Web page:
• With whom is the organization sharing feedback?

    Our staff, Our board, Our funders, Our community partners,

  • How has asking for feedback from the people you serve changed your relationship?

    Asking our clients for feedback empowers them to help steer the direction of the programs that matter to them and the organization as a whole. For instance, we have a Veterans' group through which U.S. Military Veterans regularly discuss their ideas to improve our services for Veterans. Group members are a critical information resource, and our Senior Vice President of Employment and Rehabilitation regularly seeks their consul.

  • Which of the following feedback practices does your organization routinely carry out?

    We collect feedback from the people we serve at least annually, We take steps to get feedback from marginalized or under-represented people, We aim to collect feedback from as many people we serve as possible, We take steps to ensure people feel comfortable being honest with us, We look for patterns in feedback based on demographics (e.g., race, age, gender, etc.), We look for patterns in feedback based on people’s interactions with us (e.g., site, frequency of service, etc.), We engage the people who provide feedback in looking for ways we can improve in response, We act on the feedback we receive, We tell the people who gave us feedback how we acted on their feedback, We ask the people who gave us feedback how well they think we responded,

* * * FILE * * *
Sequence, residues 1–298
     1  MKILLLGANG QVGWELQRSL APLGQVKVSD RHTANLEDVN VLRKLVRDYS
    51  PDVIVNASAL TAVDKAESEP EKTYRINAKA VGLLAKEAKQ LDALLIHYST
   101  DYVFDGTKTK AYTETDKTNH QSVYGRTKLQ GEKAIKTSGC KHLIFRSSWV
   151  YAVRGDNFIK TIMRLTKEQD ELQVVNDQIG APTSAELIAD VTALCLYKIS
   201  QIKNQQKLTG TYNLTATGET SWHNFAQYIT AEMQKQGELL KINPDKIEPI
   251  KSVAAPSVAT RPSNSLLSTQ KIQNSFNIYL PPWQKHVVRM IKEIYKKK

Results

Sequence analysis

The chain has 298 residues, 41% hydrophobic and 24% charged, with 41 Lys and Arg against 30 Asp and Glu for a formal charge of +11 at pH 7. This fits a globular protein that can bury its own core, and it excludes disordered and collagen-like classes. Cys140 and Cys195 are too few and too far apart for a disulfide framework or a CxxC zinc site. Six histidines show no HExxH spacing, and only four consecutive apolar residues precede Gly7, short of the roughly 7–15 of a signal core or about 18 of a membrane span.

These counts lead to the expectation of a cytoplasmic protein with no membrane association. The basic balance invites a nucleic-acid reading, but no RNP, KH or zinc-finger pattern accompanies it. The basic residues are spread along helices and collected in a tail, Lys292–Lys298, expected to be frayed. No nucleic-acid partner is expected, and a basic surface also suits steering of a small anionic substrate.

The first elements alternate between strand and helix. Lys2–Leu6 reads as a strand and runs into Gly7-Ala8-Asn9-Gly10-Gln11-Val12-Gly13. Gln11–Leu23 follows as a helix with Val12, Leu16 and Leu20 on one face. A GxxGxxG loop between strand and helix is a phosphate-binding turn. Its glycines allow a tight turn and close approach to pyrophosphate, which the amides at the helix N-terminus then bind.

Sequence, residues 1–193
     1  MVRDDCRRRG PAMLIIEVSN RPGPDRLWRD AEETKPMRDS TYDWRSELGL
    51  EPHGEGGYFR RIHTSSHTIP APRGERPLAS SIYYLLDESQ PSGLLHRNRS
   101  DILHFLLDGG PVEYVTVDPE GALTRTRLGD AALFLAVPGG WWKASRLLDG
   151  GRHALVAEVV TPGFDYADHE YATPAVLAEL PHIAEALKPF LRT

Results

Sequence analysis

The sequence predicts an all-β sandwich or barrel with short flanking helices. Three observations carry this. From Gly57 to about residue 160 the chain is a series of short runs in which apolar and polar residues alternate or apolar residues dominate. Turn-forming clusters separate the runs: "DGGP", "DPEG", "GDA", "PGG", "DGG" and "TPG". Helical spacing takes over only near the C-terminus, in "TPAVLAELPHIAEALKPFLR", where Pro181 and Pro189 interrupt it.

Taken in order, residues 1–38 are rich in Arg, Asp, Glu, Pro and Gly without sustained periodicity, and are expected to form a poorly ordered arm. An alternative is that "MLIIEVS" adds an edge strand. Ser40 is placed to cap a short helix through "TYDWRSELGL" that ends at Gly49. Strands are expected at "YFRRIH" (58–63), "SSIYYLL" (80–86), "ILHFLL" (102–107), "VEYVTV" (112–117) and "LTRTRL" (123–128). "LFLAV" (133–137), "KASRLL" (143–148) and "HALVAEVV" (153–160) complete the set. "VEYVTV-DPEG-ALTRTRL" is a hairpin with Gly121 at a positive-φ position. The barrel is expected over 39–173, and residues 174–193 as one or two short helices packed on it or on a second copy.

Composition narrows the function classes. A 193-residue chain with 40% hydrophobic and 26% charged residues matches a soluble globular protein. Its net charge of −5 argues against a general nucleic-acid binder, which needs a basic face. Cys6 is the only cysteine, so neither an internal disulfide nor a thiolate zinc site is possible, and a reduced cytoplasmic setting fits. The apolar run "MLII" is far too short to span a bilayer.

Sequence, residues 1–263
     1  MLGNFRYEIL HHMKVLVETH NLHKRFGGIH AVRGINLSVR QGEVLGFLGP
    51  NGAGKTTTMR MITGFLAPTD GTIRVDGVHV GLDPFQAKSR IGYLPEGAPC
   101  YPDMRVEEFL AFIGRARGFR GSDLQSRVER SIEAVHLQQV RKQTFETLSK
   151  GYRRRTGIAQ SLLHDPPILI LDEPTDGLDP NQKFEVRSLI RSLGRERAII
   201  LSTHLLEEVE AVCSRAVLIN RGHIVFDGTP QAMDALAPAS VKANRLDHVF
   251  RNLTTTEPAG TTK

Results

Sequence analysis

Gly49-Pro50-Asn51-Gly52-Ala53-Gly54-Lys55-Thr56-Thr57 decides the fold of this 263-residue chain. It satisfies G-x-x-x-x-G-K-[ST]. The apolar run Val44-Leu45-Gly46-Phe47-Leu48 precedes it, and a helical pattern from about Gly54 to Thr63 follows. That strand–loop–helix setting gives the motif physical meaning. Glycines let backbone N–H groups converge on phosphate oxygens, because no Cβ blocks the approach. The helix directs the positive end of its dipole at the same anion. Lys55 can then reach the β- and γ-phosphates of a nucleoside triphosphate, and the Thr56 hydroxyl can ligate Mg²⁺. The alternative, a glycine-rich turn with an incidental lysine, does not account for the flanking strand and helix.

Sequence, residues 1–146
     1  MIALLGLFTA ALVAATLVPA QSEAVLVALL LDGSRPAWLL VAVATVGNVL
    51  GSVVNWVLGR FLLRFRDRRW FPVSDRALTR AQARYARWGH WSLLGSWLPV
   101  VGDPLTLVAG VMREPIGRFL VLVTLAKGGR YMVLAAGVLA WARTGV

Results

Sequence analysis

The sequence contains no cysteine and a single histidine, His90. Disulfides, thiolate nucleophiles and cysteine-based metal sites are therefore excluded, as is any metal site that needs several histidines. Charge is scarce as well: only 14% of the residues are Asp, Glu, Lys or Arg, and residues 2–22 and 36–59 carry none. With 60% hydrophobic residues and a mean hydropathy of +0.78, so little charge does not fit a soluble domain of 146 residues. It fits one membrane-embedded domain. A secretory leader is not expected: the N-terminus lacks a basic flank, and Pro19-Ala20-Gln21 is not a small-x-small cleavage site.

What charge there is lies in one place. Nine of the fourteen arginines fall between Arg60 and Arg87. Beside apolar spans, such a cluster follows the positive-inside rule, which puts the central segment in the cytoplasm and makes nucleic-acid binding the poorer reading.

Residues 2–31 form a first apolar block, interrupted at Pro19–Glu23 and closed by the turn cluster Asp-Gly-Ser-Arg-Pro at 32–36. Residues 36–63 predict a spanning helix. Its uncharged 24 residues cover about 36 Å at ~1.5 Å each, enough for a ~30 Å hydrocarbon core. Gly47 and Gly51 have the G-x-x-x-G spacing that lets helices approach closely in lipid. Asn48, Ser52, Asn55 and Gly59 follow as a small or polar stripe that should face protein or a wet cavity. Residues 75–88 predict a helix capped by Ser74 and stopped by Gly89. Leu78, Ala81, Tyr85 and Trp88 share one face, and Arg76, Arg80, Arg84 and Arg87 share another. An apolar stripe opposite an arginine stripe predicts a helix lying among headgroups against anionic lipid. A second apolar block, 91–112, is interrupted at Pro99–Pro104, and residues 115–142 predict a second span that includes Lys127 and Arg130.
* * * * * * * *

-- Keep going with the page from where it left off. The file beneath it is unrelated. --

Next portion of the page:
• What challenges does the organization face when collecting feedback?

    It is difficult to get the people we serve to respond to requests for feedback, The people we serve tell us they find data collection burdensome, It is difficult to find the ongoing funding to support feedback collection, Staff find it hard to prioritize feedback collection and review due to lack of time,

Financials

The Chicago Lighthouse